5 ‘surprising’ areas where wildfire risk is rising

Source: The Hill


The deadly fire that killed at least 114 people on the island of Maui represents the arrival of a new era of fire threat for the Hawaiian Islands — and beyond.

The ruins of Lahaina, the tourist town nestled against the Pacific Ocean that was leveled by the blaze, now stand as a grim monument to the expanding geography of American wildfire.

“We’re starting to see fires happen in more and more places that seem surprising to us — because our expectations are based on previous decades,” said Philip Higuera, a fire ecologist at the University of Montana.

Higuera said that Americans’ view of fires — and fire risk — is heavily weighted toward where fires happened throughout the 20th and 21st centuries, which chiefly means the forested slopes of the Rocky and Cascade Mountains.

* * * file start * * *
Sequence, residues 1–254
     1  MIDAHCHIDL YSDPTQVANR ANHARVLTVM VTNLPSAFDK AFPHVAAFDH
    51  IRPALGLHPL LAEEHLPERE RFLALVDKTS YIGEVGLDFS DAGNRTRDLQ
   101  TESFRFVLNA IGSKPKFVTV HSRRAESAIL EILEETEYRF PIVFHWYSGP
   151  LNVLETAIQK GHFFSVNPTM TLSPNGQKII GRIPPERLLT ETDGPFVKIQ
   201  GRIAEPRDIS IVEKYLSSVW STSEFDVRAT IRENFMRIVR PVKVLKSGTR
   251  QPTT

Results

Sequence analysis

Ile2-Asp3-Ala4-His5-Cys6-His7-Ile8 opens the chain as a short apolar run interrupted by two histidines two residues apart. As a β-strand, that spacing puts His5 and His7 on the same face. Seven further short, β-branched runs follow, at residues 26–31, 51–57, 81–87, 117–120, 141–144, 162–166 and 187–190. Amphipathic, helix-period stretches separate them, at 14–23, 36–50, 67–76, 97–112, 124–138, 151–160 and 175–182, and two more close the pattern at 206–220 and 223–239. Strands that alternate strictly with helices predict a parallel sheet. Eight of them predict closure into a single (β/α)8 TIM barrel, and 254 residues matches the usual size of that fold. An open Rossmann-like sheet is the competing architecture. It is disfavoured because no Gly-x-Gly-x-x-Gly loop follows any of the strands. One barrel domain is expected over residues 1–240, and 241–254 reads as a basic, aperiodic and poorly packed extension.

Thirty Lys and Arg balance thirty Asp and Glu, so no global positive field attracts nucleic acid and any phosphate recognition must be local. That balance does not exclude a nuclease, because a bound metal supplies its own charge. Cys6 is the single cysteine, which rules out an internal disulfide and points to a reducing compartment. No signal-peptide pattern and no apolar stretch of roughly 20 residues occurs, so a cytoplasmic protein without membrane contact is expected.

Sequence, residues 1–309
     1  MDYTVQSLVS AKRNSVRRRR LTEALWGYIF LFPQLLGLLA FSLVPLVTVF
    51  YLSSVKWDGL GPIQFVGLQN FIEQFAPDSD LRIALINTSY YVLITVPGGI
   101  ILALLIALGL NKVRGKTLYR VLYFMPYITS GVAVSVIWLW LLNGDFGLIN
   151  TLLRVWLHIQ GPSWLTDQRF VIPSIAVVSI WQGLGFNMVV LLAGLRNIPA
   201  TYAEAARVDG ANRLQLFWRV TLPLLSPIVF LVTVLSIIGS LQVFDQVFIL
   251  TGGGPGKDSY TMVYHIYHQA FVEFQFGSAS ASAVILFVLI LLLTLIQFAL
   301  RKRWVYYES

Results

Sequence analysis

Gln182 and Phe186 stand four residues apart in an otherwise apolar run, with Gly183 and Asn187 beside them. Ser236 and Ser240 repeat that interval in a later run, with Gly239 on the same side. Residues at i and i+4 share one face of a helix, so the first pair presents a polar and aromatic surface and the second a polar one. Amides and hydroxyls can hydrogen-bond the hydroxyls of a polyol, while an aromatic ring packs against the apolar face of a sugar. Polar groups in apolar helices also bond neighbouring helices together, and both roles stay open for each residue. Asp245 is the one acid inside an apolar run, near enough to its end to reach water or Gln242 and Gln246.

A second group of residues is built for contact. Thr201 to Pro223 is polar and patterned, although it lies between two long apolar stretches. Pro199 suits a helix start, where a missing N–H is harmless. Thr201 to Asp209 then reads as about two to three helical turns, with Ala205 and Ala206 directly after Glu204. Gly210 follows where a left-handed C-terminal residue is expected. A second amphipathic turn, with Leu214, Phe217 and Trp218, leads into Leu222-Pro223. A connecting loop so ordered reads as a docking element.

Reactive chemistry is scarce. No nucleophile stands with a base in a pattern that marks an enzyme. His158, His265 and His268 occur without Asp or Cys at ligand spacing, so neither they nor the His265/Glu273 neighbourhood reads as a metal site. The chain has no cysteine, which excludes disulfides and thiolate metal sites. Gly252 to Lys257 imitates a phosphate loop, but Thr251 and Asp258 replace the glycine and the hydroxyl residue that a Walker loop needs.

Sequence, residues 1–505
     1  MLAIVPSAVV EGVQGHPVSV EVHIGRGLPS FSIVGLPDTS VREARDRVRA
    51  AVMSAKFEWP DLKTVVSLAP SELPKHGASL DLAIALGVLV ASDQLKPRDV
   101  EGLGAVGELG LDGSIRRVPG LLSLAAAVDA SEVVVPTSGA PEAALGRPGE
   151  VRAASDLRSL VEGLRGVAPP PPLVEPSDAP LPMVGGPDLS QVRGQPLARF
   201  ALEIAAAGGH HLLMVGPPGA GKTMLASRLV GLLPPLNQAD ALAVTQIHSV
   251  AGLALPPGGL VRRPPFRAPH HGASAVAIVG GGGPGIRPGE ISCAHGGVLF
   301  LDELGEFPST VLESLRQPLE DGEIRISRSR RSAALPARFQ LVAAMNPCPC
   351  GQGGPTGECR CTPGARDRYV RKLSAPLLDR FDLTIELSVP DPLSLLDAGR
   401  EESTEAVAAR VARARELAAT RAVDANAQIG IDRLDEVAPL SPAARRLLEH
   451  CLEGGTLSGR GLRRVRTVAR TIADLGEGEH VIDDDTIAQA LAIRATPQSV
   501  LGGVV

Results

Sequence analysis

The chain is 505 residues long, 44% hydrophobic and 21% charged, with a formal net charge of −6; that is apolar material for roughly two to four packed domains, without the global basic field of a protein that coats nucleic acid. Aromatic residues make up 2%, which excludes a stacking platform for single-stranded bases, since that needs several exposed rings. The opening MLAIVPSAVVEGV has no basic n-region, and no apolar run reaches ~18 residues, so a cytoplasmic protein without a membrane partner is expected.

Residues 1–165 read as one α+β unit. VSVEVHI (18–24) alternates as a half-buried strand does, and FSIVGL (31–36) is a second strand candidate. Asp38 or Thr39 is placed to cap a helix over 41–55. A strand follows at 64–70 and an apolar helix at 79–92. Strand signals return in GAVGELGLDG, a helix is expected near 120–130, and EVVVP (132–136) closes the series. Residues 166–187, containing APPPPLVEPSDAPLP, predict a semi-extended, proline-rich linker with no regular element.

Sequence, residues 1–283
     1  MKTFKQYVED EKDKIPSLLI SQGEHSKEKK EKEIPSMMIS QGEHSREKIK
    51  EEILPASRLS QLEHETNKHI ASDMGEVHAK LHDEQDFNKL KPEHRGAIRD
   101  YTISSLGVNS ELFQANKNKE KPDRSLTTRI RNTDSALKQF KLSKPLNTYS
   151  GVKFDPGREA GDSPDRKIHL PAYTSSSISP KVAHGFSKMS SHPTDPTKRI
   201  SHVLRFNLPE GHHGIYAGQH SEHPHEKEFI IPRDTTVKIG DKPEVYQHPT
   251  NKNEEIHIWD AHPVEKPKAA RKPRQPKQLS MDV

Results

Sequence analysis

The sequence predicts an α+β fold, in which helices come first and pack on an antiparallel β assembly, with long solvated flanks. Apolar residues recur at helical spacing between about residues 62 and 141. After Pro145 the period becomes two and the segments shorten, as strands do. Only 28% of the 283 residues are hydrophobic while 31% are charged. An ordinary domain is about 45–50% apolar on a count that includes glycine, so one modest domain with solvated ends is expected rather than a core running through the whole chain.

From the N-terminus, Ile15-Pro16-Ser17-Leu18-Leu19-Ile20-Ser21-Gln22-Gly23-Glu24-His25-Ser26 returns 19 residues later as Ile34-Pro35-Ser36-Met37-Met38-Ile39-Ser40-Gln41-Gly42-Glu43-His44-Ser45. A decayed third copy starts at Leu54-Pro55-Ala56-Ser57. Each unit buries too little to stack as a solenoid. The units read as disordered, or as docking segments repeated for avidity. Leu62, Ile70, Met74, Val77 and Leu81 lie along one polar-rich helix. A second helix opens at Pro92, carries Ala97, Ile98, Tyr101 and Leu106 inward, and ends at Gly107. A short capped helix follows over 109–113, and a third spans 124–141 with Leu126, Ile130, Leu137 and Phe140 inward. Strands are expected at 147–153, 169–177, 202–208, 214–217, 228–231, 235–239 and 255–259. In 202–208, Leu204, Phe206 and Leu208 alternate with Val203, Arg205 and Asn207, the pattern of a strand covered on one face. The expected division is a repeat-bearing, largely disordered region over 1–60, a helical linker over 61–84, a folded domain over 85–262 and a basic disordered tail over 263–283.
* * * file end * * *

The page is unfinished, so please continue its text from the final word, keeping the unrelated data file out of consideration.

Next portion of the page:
For all their occasional immense size, those 20th century Western fires had certain core characteristics that limited how risky they were — mainly that they burned through wild lands far from settlements. 

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